The sweetness of coconut nectar is mild and similar to agave, although Epicurious notes the flavor varies significantly from brand to brand, ranging from floral to earthy. As you would with any liquid sweetener, you can use coconut nectar in baking. In recipes that call for a large amount of sweetener, however, coconut nectar is not recommended as the flavor can be slightly bitter in large quantities.

According to The Big Carrot, you'll need about 25% more coconut nectar when substituting it for agave nectar.

6. Brown Rice Syrup

A sweetener called brown rice syrup is another good alternative to agave nectar. According to Spoon University, brown rice syrup is made by fermenting brown rice, which breaks down the starches in the rice. The substance is then reduced to a syrupy consistency.

Brown rice syrup is essentially pure glucose, with a higher glycemic index than agave nectar, table sugar, and basically any other sweetener. It can be used in any recipe that calls for agave nectar. Brown rice syrup can be used in baking, and it's useful for sweetening beverages. Substitute Cooking says brown rice syrup is less sweet than agave nectar, so you will need to adjust your recipes accordingly. You can find brown rice syrup in most grocery or organic food stores and on Amazon.

According to The Big Carrot, you'll need to use about 1 ¼ cups of brown rice syrup for ¾ cups of agave nectar called for in your recipe.

7. Stevia

According to Spiceography, in its popular powdered form, stevia is often used as a substitute for granulated sugar in baking or for use as table sugar. This sweetener can also be used as a substitute for agave nectar. Stevia is derived from the Stevia rebaudiana plant, which is native to South America and Asia, according to The Globe and Mail. It has no calories, but it tastes 10 to 15 times sweeter than sugar. According to Livestrong, the body does not metabolize stevia, so it does not raise blood sugar levels. Its sweetness (which has a slightly bitter aftertaste) comes from compounds in the plant called steviol glycosides. 

For best results, use roughly the same amount of stevia as you would agave, but Spiceography notes that if your stevia is a powder it could cause inconsistencies if a recipe requires large amounts of sweetener. Liquid stevia is available in most supermarkets and is a useful agave nectar substitute in drinks and cocktails. We also found it at Trader Joe's, and Amazon sells several brands of stevia as well.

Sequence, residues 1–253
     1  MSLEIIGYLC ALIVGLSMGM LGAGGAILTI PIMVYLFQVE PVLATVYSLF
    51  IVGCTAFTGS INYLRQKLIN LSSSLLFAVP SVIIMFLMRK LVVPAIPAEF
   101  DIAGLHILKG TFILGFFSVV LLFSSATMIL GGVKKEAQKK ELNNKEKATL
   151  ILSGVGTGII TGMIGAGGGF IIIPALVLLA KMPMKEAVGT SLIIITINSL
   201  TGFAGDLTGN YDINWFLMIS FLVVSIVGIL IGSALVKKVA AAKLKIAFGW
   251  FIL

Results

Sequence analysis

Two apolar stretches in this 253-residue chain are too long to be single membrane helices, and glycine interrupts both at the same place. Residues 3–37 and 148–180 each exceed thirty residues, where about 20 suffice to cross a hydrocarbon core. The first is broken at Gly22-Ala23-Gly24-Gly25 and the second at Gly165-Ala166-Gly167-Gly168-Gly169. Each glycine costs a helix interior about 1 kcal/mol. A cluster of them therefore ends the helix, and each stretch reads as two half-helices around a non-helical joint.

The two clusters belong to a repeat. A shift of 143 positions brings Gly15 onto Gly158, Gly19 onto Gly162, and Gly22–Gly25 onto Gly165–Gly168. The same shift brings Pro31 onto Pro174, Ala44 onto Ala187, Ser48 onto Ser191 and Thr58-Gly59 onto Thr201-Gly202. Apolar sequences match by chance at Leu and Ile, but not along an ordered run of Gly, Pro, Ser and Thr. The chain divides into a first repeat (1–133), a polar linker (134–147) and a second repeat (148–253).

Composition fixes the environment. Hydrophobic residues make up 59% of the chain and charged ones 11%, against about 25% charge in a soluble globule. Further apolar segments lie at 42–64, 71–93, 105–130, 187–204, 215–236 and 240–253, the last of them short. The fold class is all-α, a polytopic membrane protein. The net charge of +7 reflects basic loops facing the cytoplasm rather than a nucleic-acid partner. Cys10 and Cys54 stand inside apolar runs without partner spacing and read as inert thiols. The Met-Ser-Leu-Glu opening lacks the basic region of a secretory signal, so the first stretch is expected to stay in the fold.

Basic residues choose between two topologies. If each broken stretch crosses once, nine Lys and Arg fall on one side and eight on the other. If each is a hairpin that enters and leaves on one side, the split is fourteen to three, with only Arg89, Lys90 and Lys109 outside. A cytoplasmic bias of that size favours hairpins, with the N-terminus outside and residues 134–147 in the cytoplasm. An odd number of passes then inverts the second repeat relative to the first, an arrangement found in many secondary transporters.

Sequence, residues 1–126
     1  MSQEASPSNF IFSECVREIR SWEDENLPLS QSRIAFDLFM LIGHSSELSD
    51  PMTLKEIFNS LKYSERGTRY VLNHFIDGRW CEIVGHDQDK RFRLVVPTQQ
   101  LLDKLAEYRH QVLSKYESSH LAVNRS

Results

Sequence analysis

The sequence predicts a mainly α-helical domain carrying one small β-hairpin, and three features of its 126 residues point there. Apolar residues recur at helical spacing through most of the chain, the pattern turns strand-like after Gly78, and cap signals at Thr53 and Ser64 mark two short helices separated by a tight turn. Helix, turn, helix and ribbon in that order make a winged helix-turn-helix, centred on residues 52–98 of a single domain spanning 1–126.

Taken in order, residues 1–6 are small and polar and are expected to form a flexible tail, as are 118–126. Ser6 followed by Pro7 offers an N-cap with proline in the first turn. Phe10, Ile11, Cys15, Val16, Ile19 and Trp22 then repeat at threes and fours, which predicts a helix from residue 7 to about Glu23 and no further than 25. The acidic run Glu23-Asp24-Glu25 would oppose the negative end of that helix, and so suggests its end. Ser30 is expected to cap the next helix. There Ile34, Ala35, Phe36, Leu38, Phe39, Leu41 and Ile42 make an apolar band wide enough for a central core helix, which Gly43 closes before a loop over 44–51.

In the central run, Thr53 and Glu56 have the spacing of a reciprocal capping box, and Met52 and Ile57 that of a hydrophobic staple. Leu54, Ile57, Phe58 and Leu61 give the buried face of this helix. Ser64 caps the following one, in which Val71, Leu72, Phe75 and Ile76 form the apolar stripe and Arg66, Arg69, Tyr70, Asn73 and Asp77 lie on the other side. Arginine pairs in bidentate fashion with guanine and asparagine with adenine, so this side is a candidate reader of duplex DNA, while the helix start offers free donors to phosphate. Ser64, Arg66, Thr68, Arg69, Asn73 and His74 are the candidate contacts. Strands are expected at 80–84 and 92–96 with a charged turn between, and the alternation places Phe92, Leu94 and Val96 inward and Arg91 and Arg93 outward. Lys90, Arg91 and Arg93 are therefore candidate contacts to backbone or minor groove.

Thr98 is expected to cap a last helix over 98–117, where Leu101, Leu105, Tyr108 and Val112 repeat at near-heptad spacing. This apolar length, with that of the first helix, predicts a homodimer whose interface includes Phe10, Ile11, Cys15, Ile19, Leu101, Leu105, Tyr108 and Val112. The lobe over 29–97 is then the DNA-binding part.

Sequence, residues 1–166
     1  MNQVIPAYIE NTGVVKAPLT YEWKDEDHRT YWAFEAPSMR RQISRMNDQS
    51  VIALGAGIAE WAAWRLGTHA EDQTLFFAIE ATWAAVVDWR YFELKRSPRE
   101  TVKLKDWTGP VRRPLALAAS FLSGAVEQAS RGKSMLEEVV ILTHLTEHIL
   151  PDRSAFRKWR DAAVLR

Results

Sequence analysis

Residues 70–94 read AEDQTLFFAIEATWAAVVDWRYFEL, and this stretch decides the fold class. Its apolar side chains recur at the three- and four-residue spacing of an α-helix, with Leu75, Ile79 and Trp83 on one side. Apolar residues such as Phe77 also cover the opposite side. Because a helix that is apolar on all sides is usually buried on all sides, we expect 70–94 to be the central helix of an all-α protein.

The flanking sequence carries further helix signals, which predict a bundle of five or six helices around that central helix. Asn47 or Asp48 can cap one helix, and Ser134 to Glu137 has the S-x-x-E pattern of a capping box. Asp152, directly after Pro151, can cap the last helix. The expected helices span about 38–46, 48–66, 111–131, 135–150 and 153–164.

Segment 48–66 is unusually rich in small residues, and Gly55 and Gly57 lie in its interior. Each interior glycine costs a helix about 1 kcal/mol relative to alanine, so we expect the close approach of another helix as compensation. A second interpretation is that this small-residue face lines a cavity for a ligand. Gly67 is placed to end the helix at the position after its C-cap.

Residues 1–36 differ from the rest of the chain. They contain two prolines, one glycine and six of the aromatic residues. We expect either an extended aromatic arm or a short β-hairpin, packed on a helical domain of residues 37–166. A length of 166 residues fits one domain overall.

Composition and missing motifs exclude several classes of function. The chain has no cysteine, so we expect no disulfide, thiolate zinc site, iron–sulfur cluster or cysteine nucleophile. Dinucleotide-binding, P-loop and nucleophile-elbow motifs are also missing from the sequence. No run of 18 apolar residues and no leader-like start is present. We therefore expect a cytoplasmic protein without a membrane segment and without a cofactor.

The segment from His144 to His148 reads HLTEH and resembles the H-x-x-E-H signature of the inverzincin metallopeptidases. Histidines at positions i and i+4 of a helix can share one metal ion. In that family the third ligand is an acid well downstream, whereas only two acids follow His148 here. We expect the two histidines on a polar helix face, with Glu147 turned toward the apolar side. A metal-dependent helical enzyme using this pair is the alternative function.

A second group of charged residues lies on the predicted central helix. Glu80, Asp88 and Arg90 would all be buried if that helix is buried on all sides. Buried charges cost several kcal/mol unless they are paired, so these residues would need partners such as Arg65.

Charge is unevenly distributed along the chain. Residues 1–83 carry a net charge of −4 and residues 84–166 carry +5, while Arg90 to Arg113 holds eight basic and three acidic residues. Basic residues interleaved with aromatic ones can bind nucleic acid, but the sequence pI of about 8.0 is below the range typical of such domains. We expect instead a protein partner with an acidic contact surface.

8. Fruit Syrup

Not just for pancakes or waffles, a fruit-based syrup can also work in place of agave nectar. Definitely the most wholesome alternative on this list, the website Substitute Cooking suggests simply mixing up a batch of fruits plus a little water in your blender for an all-natural, unprocessed sweetener. 

This "syrup" (actually a fruit puree) can vary in sweetness depending on the fruits you choose. The Spruce Eats creates a more classic fruit syrup, using fresh or frozen berries, water, and some granulated sugar, cooking it down and mashing the berries as it reduces to a syrupy consistency. The syrup can be strained for a thinner consistency or placed in a food processor to thicken it. We think fruit syrups are a great sweetener for your favorite summer cocktails or punches. Of course, a variety of fruit syrups can also be found in stores and online, such as Liber & Co.'s Exotic Passionfruit Syrup.

9. Granulated Sugar

According to the Food Network, one tablespoon of agave nectar has about 60 calories compared to about 45 and 60 calories in the same amount of granulated sugar and honey, respectively. If a baking recipe calls for agave nectar, you can substitute granulated sugar, but you will need to increase other liquids in your recipe to make up for the lost liquid from the omitted agave. 

Agave nectar is the better choice for those watching their blood sugar, given that its glycemic index is five times lower than that of sugar (via Eating Well). However, regular cane sugar is the less processed choice, according to Healthline, as treating the agave plant with heat and enzymes destroys any potentially beneficial effects of the agave plant, delivering only a "a highly refined, unhealthy syrup." Which is better? It seems like a classic case of "pick your poison" situation for consumers concerned about their health. 

The Big Carrot points out that sugar and agave nectar are easily interchanged. Agave, however, it is 1 ½ times sweeter than sugar, so adjust your recipe accordingly.

10. Molasses

With a flavor that's been described as sweet, warm, and even somewhat smoky, you might find that molasses can fill in for agave nectar in your next recipe calling for agave. According to Vegan Runner Eats, this syrupy liquid is a byproduct of the sugar cane or sugar beet refinement process. This process begins with the mashing of the sugar cane or sugar beets to extract their juice. This liquid is then boiled up to three times to produce various grades of molasses. At each step, according Vegan Runner Eats, the sugars are crystallized, removed, and sold as granulated sugar. The liquid left behind is molasses. 

The first boiling produces light molasses or "cane syrup." If boiled a second time, the thicker, more intensely flavored syrup is called "dark molasses." A third boiling produces a more bitter product called "blackstrap molasses," which should be mixed with other sweeteners to counteract its bitterness. Blackstrap molasses has some beneficial nutrients, including iron, calcium, magnesium, selenium and vitamin B6.

A recipe that calls for ¾ cup of agave nectar will require ½ cup of molasses, according to The Big Carrot.